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Romain Grosjean and Kevin Magnussen
Romain Grosjean and Kevin Magnussen

We look ahead the tenth race of the 2020 season, as Formula 1 heads to Russia.

After a trio of triple-headers Formula One has waved a brief farewell to Western Europe and will head to the Caucasian Riviera for the Russian Grand Prix, Round 10 of the 2020 FIA Formula One World Championship.

Grand Prix racing in Russia first took place in the 1910’s in St. Petersburg but it was to be another century before Formula One ventured to the country, when the roads around the stadia used for the 2014 Winter Olympics were converted into a race track to create the Sochi Autodrom. 

The smooth 5.8km circuit is the third-longest on the current calendar, behind Spa-Francorchamps and Silverstone, and its infrequent use means there is a high track evolution across the course of the weekend. Long full-throttle sections and 90-degree corners feature prominently while the circuit’s iconic section is the long-radius off-camber turn four which bends 180-degrees around the flag-lined Medals Plaza and takes eight seconds to negotiate from entry to exit. 

Romain Grosjean has been an ever-present figure at Formula One’s Russian Grand Prix, scoring a best result of eighth at the 2016 round, which came upon Haas F1 Team’s first visit to the venue. Kevin Magnussen has scored four top 10 finishes in Russia, including a standout fifth on his maiden trip in 2014, a position he repeated in qualifying in 2018. Last year he took home valuable points courtesy of ninth.  

The Russian Grand Prix will take place across September 25 to 27, with two 90-minute practice sessions on Friday, final practice and a three-part qualifying hour on Saturday, the results of which set the grid for Sunday’s 53-lap grand prix. Lights out is due for 14:10 local time (07:10 EST/12:10 BST).

Guenther Steiner, Haas F1 Team
Guenther Steiner, Team Principal, Haas F1 Team

The issue of restarts and safety was prevalent after the Tuscan Grand Prix. Having had some time to digest all that happened in the race – what are your thoughts on how events played out and what, if anything, could be done to ensure such incidents are avoided?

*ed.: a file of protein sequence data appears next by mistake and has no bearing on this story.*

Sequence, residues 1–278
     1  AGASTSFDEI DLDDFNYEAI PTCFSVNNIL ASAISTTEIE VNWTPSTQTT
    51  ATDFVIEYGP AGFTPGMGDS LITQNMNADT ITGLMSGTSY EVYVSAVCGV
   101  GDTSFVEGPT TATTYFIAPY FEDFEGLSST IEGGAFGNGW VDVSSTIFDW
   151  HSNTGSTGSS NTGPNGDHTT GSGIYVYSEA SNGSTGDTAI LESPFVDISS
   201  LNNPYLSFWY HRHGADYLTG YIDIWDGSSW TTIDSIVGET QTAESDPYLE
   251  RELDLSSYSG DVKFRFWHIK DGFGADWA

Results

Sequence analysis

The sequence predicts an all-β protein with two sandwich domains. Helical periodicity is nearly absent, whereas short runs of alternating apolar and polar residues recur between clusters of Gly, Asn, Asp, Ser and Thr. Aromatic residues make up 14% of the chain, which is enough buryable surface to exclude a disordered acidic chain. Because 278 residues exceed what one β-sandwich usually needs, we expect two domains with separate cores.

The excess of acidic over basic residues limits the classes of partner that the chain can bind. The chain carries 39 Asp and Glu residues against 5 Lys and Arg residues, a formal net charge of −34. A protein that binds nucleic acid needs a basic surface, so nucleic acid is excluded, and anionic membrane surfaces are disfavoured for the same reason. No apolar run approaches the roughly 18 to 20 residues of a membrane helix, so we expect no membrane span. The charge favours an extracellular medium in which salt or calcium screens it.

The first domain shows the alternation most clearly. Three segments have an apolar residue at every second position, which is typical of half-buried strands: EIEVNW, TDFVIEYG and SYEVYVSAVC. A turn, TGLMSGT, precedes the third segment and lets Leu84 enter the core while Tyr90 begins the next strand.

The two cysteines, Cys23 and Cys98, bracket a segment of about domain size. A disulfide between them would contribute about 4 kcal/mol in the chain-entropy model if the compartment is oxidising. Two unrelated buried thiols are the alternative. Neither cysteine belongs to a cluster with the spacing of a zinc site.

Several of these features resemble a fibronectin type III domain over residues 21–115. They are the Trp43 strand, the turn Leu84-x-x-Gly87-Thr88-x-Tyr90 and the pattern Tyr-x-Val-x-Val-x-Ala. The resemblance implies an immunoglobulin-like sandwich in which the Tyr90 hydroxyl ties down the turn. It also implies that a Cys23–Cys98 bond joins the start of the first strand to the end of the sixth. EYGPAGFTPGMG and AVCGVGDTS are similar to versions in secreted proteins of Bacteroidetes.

“I think it’s just one of those things, the restart line was far down the straight at Mugello – and some people obviously took a chance and tried to have a run at it. I don’t think anybody did anything wrong, I fully agree with that one, it was just circumstances. Going forward, to avoid these things, I think we need to look at where to put the restart line and maybe also think about a restart zone. I’m not an expert in these things, but other series do it like that to avoid these things from happening. I think it’s worthwhile to look into it, but I’m sure it’ll come up on the agenda of the sporting working group.”

 

The consensus seemed to be that the Mugello circuit was a popular stop on this year’s revised Formula One schedule. Would you like to see some flexibility in Formula One’s calendar with circuits like Mugello rotated into the line-up every couple of years for added variety?

“I don’t know if it’s because it was new it was so exciting, or could it be exciting every year. If you were to rotate them, there could be some of that newness every time we do it. I’m completely for that one. I like change, if you’re always doing the same thing, you always know the outcome of it – it’s much more predictable when you do more of the same. I think it would be great if we could rotate it, if it’s possible commercially, and that’s for Formula One to look into. Seeing what happened at Mugello, I’m now really looking forward to the Nürburgring, Portimao and Imola.”

 

Looking ahead to the Russian Grand Prix – what does the team need from the VF-20 to attack the characteristics of the Sochi Autodrom? Is there scope, for example, for a sixth appearance in Q2 in qualifying?

“It’s a tough year for us but we’re always trying to do our best. That is our aim at the moment – to get into Q2. That then gets us into a position where if something surprising happens in the race, we can hopefully take some points away from it. At the moment it seems we’re just there to create the surprise for other people. Maybe our luck turns and we get something good out of it at some stage this year.”

 

Nine races down – eight to go. What’s your take on the 2020 season so-far, and the battle Haas F1 Team finds itself in fighting alongside the likes of Williams and Alfa Romeo? Is there optimism that progress can be made with the VF-20 to emerge ahead of its direct competition by season’s end?

“It will be a tough end to the season, in the same way it was a tough start to the season. We obviously have some deficiencies in our car. We also haven’t brought any upgrades to the car. We are at least fighting every weekend with Alfa and Williams, and I think we can continue to do that for the rest of the season. With a little bit of luck, and some of our own talent, we should hopefully get some points before the season ends.” 

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